All investigated cases of habitual tool use in wild chimpanzees and capuchin monkeys include youngsters encountering durable artefacts, most often in a supportive social context. We propose that enduring artefacts associated with tool use, such as previously used tools, partly processed food items and residual material from previous activity, aid non-human primates to learn to use tools, and to develop expertise in their use, thus contributing to traditional technologies in non-humans. Therefore, social contributions to tool use can be considered as situated in the three dimensions of Euclidean space, and in the fourth dimension of time. This notion expands the contribution of social context to learning a skill beyond the immediate presence of a model nearby. We provide examples supporting this hypothesis from wild bearded capuchin monkeys and chimpanzees, and suggest avenues for future research.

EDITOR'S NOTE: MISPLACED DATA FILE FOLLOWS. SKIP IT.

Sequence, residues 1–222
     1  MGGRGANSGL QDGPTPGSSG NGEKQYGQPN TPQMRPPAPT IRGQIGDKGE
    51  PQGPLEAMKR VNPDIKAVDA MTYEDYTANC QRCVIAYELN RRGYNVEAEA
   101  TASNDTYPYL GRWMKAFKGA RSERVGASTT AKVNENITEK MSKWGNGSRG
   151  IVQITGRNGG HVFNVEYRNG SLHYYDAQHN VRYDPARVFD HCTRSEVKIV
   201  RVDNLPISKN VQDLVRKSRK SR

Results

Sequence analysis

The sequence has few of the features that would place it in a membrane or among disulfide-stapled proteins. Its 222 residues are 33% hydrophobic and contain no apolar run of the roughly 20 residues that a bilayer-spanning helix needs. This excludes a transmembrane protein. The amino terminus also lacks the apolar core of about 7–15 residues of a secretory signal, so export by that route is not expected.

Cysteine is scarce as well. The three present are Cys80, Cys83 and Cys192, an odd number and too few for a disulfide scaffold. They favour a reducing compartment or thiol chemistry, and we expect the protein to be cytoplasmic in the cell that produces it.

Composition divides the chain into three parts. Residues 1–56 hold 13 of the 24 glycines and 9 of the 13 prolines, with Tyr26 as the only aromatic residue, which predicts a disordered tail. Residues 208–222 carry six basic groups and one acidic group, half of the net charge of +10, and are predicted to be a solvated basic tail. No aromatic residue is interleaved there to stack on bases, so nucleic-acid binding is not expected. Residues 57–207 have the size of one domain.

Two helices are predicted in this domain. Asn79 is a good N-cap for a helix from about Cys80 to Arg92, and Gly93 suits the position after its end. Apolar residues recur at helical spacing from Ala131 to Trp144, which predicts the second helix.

The fourth dimension of tool use: temporally enduring artefacts aid primates learning to use tools
Royal Society, London , Regno Unito
Philosophical transactions - Royal Society. Biological sciences (Print) 368 (2013). doi:10.1098/rstb.2012.0410
info:cnr-pdr/source/autori:Fragaszy, D. M.; Biro, D.; Eshchar, Y.; Humle, T.; Izar, P.; Resende, B.; Visalberghi, E./titolo:The fourth dimension of tool use: temporally enduring artefacts aid primates learning to use tools/doi:10.1098/rstb.2012.0410/rivis